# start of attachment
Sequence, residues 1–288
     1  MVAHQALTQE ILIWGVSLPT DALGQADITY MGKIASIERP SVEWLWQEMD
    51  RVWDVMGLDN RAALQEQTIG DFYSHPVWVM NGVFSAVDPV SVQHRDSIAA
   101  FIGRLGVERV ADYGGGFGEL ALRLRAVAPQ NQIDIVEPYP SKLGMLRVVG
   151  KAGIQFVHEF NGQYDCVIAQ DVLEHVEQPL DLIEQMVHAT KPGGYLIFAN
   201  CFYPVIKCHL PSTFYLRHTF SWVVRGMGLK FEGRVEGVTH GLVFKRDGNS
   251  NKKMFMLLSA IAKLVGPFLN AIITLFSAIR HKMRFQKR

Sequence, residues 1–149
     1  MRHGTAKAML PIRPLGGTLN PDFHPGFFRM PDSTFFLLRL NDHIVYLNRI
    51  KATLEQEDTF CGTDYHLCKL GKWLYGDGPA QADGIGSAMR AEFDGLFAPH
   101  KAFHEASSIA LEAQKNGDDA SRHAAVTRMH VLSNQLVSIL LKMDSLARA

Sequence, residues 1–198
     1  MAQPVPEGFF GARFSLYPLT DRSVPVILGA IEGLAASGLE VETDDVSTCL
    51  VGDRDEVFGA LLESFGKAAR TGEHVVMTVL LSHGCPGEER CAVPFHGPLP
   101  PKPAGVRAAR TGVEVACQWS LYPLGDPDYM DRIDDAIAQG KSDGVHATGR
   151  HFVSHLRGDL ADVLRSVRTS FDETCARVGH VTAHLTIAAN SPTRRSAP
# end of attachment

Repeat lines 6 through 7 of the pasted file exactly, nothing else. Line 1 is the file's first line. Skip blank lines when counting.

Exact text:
   201  CFYPVIKCHL PSTFYLRHTF SWVVRGMGLK FEGRVEGVTH GLVFKRDGNS
   251  NKKMFMLLSA IAKLVGPFLN AIITLFSAIR HKMRFQKR